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Using Web widgets wisely, Part 2
By Jodi Bollaert - 2004-03-19 Page:  1 2 3 4 5 6 7 8 9 10

Advantages and disadvantages of client-side scripts

Developers might consider using client-side scripts for many reasons, and they might have some legitimate reasons not to use them.


Client-side scripts offer numerous advantages, including:

  • Allow for more interactivity by immediately responding to users' actions
  • Execute quickly because they don't require a trip to the server
  • May improve the usability of Web sites for users whose browsers support scripts
  • Can give developers more control over the look and behavior of their Web widgets (note that this can be an advantage or disadvantage)
  • Can be substituted with alternatives (for example, HTML) if users' browsers do not support scripts
  • Are reusable and obtainable from many free resources such as and (see Resources)


Client-side scripts also create additional worries, including:

  • Not all browsers support scripts, therefore, users might experience errors if no alternatives have been provided
  • Different browsers and browser versions support scripts differently, thus more quality assurance testing is required
  • More development time and effort might be required (if the scripts are not already available through other resources)
  • Developers have more control over the look and behavior of their Web widgets; however, usability problems can arise if a Web widget looks like a standard control but behaves differently or vice-versa

General usability considerations

Before we look at specific examples of Web widgets that utilize client-side scripts, here are some general usability considerations to keep in mind:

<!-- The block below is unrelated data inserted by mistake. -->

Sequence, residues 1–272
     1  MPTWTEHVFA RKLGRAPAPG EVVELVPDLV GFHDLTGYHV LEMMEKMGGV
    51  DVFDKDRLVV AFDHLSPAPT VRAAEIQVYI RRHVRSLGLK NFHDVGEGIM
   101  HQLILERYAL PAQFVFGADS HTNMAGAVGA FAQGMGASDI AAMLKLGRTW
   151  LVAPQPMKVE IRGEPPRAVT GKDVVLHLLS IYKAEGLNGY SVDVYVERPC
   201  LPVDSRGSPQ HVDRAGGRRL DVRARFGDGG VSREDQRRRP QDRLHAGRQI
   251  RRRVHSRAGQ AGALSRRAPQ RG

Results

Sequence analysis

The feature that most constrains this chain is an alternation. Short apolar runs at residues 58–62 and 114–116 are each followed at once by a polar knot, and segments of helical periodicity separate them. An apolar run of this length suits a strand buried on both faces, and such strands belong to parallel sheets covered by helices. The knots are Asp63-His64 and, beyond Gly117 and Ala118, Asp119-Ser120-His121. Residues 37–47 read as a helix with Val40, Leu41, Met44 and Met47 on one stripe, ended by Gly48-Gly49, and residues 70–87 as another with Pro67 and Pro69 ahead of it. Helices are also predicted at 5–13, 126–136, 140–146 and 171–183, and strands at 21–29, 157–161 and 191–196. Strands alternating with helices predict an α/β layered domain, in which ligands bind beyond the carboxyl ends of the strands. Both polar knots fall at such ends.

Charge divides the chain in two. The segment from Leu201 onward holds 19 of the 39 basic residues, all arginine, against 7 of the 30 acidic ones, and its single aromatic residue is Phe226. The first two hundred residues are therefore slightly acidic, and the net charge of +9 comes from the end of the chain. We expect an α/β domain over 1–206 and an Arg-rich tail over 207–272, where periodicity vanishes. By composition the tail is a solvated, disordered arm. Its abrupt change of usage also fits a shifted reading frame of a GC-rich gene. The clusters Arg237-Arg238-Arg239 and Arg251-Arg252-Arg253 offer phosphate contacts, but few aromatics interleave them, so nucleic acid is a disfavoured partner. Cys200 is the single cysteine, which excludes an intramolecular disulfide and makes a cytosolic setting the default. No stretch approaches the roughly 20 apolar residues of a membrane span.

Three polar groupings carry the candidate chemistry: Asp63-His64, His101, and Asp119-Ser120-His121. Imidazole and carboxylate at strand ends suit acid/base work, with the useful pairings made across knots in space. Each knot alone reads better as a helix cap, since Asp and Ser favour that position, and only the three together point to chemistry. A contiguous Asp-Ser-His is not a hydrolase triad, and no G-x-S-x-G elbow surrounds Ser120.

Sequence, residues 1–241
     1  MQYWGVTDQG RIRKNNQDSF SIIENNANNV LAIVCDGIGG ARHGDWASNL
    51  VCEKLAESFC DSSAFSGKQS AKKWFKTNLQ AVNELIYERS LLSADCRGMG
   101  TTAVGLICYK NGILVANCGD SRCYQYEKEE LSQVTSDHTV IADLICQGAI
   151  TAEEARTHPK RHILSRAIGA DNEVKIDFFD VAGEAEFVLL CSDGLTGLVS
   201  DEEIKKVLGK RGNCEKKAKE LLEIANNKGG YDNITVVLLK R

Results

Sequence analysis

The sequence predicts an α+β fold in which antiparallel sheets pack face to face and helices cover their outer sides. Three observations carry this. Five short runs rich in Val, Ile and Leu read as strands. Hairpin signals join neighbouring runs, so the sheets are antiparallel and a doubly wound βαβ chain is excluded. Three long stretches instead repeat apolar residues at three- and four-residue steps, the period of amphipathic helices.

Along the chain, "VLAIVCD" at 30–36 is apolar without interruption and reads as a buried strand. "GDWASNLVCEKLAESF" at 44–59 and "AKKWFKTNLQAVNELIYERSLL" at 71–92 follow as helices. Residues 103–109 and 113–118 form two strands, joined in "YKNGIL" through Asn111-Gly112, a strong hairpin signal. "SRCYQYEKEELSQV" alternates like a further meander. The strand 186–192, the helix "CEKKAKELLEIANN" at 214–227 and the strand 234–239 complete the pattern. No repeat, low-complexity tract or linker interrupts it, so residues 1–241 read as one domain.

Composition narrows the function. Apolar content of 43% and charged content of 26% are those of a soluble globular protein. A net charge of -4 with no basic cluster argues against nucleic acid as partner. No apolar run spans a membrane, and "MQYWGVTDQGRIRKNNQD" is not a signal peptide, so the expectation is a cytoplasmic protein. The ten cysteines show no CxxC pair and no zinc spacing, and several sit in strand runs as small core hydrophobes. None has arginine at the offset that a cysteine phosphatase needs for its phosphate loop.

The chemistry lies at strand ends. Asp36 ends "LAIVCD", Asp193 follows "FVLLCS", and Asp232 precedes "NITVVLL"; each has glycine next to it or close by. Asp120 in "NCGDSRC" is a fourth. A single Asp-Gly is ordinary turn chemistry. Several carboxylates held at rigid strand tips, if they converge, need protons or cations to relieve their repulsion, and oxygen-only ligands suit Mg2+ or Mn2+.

• Research what scripts work best with the browsers your audience is likely to use. JavaScript is probably the most widely supported scripting language used today. It is compatible with the two most popular browsers -- Microsoft Internet Explorer (IE) and Netscape. Alternatives to JavaScript, like Microsoft's VBScript, will also work but usually only on Internet Explorer.
  • If your audience includes PC and Mac users, be sure to test your scripts on browsers for both platforms. The Mac versions of some browsers do not support scripts as well as the PC versions.
  • Test your scripts on at least the previous two versions of those browsers your audience will use. Many people are slow to update their browsers; therefore the latest scripts might not work for these individuals. At the time of this writing, statistics indicate that 57% of Internet users use IE 5.0 and 30% use IE 6.0 (see Resources). Companies like Netscape also provide information for developers on their Web site about known bugs.
  • Web sites should still be readable and function properly without scripts. In this competitive marketplace, Web site owners can't afford to turn away members of their target audience who might have incompatible browsers. It is the developer's responsibility to build a site that works for the widest audience possible.

View Using Web widgets wisely, Part 2 Discussion

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First published by IBM developerWorks

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